In FIGS. 1 to 4 below, the description is based on a fabric which is woven as an endless belt. Accordingly, the warp filaments are the filaments which extend in the lateral direction. In accordance with the invention, it is the filaments which extend in this lateral direction which are modified to improve the performance of the felt.
As is also obvious, the longitudinal direction of the felt corresponds with the machine direction of the press section, whereas the lateral direction of the felt corresponds with the cross machine direction of the press section.
Attention is now directed to FIGS. 1 to 4 of the drawings. FIGS. 1A and 1B show generally a press felt 10 having a plain woven base fabric of the prior art in which numeral 11 denotes consecutive round synthetic warp monofilaments and numeral 12 denotes consecutive synthetic weft monofilaments. Numeral 13 denotes a batt of fibers that is needled to the base fabric. In this structure each warp strand 11 passes over a first weft strand 12, under a second weft strand, over a third and so on. Similarly the adjacent warp strand passes under the first weft strand, over the second, under the third and so on.
FIGS. 2A and 2B show the same fabric structure 10' as in the FIG. 1 but woven with synthetic warp monofilaments 11' having about the same cross-sectional area but flattened to the extent that the short axis 22 is only one-half of the long axis 20. Numeral 12' denotes the weft and numeral 13' denotes the batt of needled fibers.
In comparing the base fabrics of FIGS. 1 and FIGS. 2 it will be apparent that the fabric made with the flattened warp is thinner and therefore more pliable in the warp direction. The lower profile of the flattened warp will offer less resistance to the flow of water in the weft, or machine, direction indicated by the arrow X. The line contact shown at cross-over 14' is more stable than the point contact shown at cross-over 14.
Also, the flattened knuckles 15' will not protrude through the batt as readily as will be round contoured knuckles 15 when the felt is subjected to pressure between press rolls.
FIGS. 3 and 4 show a similar comparison when the synthetic base fabric is a 4-shaft 8 repeat duplex structure having monofilament wefts in the lower weft layer and multifilament wefts in the upper layer. It will be apparent when comparing the structure of the conventional base fabric of FIGS. 3 with that of FIGS. 4 that the same advantages shown in the comparison of FIGS. 1 and 2 will be realized.
The base fabric of the invention will have synthetic monofilament warp strands having a cross-sectional area between 0.07 and 0.50 square mm and flattened to the extent that the ratio of the long axis to the short axis will be in the range of from 1.2:1 to 3:1. A preferred warp monofilament will have a cross-sectional area of about 0.18 square mm and a flatness ratio within the range 1.8:1 to 2.2:1. The flattened monofilament need not have a perfectly rectangular cross-section.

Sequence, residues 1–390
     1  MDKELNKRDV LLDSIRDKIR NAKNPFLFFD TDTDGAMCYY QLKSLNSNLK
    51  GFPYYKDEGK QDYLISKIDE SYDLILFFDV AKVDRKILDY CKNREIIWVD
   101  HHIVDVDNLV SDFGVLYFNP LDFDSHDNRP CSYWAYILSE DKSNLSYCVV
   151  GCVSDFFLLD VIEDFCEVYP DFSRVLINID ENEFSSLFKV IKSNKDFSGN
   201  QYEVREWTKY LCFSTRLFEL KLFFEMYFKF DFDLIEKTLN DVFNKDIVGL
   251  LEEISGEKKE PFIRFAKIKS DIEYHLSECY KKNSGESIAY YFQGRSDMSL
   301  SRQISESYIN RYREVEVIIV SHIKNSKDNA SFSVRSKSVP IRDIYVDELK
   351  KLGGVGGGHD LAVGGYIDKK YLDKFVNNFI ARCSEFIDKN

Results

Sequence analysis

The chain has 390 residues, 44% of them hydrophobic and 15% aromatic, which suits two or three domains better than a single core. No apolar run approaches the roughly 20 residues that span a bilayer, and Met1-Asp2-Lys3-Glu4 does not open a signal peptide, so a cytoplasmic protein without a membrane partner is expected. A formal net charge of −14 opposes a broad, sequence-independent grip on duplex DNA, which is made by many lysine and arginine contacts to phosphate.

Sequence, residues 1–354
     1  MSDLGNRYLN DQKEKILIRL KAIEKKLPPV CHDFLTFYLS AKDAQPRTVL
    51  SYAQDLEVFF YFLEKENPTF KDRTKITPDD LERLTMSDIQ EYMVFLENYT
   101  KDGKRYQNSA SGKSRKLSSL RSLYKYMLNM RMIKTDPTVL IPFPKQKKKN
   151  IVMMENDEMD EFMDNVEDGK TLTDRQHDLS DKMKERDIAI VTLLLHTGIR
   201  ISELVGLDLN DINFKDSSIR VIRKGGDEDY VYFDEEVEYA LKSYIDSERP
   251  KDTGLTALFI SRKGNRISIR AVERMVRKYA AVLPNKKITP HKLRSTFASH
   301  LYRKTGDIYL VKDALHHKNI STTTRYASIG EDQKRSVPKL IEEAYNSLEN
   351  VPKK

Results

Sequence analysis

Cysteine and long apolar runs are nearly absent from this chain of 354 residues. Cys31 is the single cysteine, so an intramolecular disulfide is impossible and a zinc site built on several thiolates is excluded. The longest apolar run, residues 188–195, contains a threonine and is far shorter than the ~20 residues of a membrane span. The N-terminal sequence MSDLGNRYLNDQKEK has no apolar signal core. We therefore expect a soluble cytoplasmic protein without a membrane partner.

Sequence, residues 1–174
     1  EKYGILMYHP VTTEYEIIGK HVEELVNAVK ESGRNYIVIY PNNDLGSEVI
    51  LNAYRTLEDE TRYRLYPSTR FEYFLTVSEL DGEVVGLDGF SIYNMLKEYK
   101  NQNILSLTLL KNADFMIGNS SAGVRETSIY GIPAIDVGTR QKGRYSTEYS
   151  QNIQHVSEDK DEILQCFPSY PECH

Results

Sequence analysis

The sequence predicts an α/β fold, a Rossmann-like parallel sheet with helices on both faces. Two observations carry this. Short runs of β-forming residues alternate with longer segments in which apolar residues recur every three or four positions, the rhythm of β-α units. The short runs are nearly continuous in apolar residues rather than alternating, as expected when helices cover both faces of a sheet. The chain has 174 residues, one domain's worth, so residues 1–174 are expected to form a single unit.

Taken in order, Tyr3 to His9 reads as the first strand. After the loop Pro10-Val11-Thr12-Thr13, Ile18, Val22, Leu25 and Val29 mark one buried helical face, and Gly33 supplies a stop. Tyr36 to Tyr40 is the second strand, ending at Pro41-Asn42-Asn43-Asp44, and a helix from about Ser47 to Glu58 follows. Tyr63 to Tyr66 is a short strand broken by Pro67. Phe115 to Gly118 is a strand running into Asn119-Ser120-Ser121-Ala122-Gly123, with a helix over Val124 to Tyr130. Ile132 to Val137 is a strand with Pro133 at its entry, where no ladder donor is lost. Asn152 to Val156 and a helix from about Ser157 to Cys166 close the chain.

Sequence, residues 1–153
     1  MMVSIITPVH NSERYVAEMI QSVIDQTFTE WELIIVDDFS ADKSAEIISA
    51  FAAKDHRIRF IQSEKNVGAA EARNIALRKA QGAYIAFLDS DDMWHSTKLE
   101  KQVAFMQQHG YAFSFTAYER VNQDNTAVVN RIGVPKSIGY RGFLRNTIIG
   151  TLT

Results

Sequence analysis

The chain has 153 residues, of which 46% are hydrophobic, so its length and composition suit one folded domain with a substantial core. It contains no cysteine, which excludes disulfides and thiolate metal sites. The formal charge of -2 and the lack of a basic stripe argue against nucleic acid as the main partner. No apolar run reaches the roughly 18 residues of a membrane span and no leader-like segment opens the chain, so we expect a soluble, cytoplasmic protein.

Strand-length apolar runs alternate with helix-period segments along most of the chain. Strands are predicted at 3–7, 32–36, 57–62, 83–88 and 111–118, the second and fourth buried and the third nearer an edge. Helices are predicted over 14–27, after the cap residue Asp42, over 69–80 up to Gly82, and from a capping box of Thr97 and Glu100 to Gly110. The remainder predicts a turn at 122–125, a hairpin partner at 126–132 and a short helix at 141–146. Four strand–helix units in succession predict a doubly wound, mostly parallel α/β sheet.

It is not intended to limit the base fabric of the invention to any particular synthetic material or weave structure. While a preferred structure would be a duplex weave with upper layer multifilament wefts and lower layer monofilament wefts as shown in FIG. 4, the fabric may have only multifilament or staple fiber weft or only monofilament weft or any combination of these.
The base fabric may be single layer or multi-layer and the batt or batts may be any known fibrous material needled into the fabric by any known method and may be treated in any known manner.
Although the description in FIGS. 1 to 4 teaches flattened warp filaments, it will be understood that if the felt is made flat and then joined at the ends, it will be the weft filaments which are flattened. Basically, the flattened filament is always the filament which extends in the lateral direction of the completed felt.
Although several embodiments have been described, this was for the purpose of illustrating, but not limiting, the invention. Various modifications which will come readily to the mind of one skilled in the art are within the scope of the invention as defined in the appended claims.
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|U.S. Classification||442/270, 139/383.00A, 162/900, 442/324|
|International Classification||D04H1/46, D21F1/00, D21F7/08|
|Cooperative Classification||Y10T442/3724, Y10T442/56, Y10S162/90, D21F7/083|
|Jul 9, 1982||AS||Assignment|
Owner name: ATLANTA FELT COMPANY, INC.; 1157 BATTLE CREEK RD.,
Free format text: ASSIGNMENT OF ASSIGNORS INTEREST.;ASSIGNORS:MILLER, JOSEPH S.;AYLOR, RONALD L.;REEL/FRAME:004021/0825
Effective date: 19820708
Owner name: ATLANTA FELT COMPANY, INC., GEORGIA
Free format text: ASSIGNMENT OF ASSIGNORS INTEREST;ASSIGNORS:MILLER, JOSEPH S.;AYLOR, RONALD L.;REEL/FRAME:004021/0825
Effective date: 19820708
|Apr 30, 1987||FPAY||Fee payment|
Year of fee payment: 4
|May 7, 1991||FPAY||Fee payment|
Year of fee payment: 8
|Apr 20, 1995||FPAY||Fee payment|
Year of fee payment: 12
|Aug 16, 2000||AS||Assignment|
Owner name: ASTENJOHNSON, INC., CANADA
Free format text: ASSIGNMENT OF ASSIGNORS INTEREST;ASSIGNOR:JWI LTD.;REEL/FRAME:010871/0540
Effective date: 20000703